The highly anticipated move aims to ensure every case is prosecuted exclusively by the Office of the Director of Public Prosecutions (ODPP), eventually.
Over 300 candidates have turned in their applications since December 10th last year when the government advertised for the positions, according to Keriako Tobiko the Director of Public Prosecutions (DPP).
According to the DPP, interviews are expected to begin January 13th after which successful candidates will be conscripted in county offices or the central government.
Nevertheless, this measure has faced a myriad of challenges. According to reports, the rapid expansion of Kenya’s judiciary ran into teething problems due to the scarcity of public prosecutors. According to sources, close to one third of the 510 government employed magistrates sat idle last year as the case backlog grew.
As of last year, reports indicate there were only 290 police prosecutors and 83 state counsels. Also last year, the DPP refuted claims that the state was to hire 106 additional prosecutors. He dismissed the plans alleging that, “somebody did not want an efficient prosecution service.”
As a result, Francis Kimemia, the Acting Head of Public Service at that time called a crisis meeting to address the issue. According to the DPP, the most affected regions then were Nairobi, Bungoma, and Mombasa.
Consequently, Tobiko reportedly wrote to the former Chief Registrar, Gladys Shollei on June 21st last year informing her of appeals to add more prosecutors to serve the newly conscripted magistrates in Mombasa and Nairobi.
According to Tobiko, his numerous requests to hire 300 prosecutors in an expedite manner was rejected based on insufficient funds. The DPP is also concerned that the elevated number of cases has drawn unregistered lawyers and appeals to the courts not to permit such advocates.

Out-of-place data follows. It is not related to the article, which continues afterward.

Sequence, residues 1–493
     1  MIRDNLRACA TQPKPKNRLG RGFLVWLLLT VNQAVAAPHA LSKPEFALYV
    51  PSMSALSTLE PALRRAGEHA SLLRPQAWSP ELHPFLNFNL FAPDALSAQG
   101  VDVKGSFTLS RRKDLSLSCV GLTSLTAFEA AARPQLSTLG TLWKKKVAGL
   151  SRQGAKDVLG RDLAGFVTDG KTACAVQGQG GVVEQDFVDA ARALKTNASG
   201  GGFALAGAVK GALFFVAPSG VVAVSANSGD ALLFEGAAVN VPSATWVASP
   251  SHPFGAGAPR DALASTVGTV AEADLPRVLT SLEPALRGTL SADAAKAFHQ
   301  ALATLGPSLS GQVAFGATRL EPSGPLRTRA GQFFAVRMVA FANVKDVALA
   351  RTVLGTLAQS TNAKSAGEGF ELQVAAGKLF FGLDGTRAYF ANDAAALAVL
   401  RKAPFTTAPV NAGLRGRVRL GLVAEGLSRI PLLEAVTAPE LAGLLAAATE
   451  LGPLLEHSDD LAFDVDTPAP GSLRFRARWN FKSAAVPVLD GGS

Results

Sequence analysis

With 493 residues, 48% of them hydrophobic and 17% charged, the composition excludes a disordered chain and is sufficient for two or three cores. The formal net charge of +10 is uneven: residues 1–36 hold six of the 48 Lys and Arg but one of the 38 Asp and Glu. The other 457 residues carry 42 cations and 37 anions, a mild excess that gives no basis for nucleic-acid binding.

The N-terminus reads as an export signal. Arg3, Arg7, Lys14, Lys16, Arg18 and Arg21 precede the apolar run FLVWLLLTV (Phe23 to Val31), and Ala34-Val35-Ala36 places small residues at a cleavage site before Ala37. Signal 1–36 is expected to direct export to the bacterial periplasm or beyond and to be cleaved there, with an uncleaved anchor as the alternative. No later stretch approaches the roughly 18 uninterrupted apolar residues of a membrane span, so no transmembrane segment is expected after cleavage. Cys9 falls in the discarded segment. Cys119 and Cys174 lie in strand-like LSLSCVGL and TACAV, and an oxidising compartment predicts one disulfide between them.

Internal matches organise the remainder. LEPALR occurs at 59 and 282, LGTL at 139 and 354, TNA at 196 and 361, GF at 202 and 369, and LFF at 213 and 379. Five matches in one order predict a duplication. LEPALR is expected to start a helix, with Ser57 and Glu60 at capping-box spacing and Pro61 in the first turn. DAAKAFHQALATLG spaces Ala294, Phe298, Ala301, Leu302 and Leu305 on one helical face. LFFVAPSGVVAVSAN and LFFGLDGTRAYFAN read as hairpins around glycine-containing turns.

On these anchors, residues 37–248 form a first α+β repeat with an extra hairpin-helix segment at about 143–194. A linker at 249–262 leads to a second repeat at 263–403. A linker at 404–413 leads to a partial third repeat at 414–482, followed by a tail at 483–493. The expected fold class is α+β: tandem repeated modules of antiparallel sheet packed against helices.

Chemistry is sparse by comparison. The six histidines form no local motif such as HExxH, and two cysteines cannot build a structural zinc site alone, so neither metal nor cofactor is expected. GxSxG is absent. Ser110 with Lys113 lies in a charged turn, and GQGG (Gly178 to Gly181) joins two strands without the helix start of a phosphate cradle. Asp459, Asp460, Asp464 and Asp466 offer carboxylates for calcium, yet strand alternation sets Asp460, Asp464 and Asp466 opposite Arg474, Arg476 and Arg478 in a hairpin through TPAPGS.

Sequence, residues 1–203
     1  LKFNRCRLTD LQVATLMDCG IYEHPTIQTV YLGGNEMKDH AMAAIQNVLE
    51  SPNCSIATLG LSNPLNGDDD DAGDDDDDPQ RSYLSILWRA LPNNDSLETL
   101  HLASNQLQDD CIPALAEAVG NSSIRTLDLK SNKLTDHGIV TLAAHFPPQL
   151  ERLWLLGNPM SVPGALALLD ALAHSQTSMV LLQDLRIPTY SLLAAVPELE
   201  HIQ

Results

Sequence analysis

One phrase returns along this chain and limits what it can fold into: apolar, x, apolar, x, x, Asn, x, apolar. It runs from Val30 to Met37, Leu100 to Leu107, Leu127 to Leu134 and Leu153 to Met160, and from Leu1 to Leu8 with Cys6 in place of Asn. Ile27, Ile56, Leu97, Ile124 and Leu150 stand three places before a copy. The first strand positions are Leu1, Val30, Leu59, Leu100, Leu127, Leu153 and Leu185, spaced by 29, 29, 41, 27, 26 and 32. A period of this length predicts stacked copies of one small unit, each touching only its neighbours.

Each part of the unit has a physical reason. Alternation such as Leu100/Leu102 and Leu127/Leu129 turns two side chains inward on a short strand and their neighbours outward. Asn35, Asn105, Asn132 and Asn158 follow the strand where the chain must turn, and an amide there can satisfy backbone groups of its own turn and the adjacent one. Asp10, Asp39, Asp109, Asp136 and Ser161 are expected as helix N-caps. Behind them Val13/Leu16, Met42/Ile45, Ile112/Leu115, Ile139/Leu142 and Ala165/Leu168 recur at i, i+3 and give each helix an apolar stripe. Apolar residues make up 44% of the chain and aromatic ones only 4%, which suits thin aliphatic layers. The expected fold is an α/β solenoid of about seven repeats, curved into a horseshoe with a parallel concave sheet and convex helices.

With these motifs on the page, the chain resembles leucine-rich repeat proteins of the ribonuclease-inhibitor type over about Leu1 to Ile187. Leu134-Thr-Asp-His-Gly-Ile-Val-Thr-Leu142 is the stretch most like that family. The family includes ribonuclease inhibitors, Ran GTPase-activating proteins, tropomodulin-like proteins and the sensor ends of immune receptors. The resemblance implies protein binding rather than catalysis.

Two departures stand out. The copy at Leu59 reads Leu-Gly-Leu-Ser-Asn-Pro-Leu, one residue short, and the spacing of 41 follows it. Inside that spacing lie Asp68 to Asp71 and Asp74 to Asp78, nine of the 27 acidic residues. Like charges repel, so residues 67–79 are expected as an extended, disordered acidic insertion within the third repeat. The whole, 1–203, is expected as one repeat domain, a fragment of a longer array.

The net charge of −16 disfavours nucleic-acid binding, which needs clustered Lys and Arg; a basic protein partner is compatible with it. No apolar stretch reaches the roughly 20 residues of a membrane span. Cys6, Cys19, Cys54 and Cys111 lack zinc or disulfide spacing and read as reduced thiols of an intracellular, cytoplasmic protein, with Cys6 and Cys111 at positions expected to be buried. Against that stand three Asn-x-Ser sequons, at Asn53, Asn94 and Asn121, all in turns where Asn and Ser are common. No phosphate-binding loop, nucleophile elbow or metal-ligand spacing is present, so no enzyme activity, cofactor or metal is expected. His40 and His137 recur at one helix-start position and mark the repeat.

The under-staffed DPP’s office has been a great impediment to the delivery of criminal justice, according to observers. Various bodies such as Law Society of Kenya concur with this assertion and points out the grave mismatch between the DPP’s office and the judiciary.
The recent move to increase the number of prosecutors therefore marks a good start and is a reflection of Kenya’s endeavors to establish a well-staffed, effective, and autonomous prosecution service, observers say.
Presently, the DPP’s office handles complex cases such as armed robbery, drug smuggling, and murder (due to the shortage of stuff), while investigating officers from different police stations prosecute lesser charges. Nevertheless, there are exceptions when the DPP assigns a senior officer to prosecute in high profile or sensitive cases.
The DPP’s office aims to recruit 500 state prosecutors, according to reports. The DPP however, admits that challenges exist in attracting and maintaining government lawyers due to the unattractive remuneration package.
Nonetheless, Tobiko is optimistic that this situation will change with the anticipated improved terms of employment following the allocation of additional funds by the treasury. Though progressive, the process will be gradual due to budgetary constraints and protracted hiring process.
Various parties from various professions have lauded the recent move. For instance, Nick Wanjohi, a lawyer, asserts that police prosecutors are frequently unqualified for the task besides being overwhelmed. During an interview, Wanjohi pointed out that police prosecutors have lost several cases since they are not acquainted with the legal procedures.
Peter Karimi, an officer with the Criminal Investigations Department, shares Kirimi’s sentiments and is optimistic that more citizens will finally get justice. As the process takes place gradually, the citizens of Kenya can only hope that the ODPP will realize its goal and reform Kenya’s judiciary system while giving Kenyans the justice they rightfully deserve.
Photo: Keriako Tobiko-Director of Public Prosecutions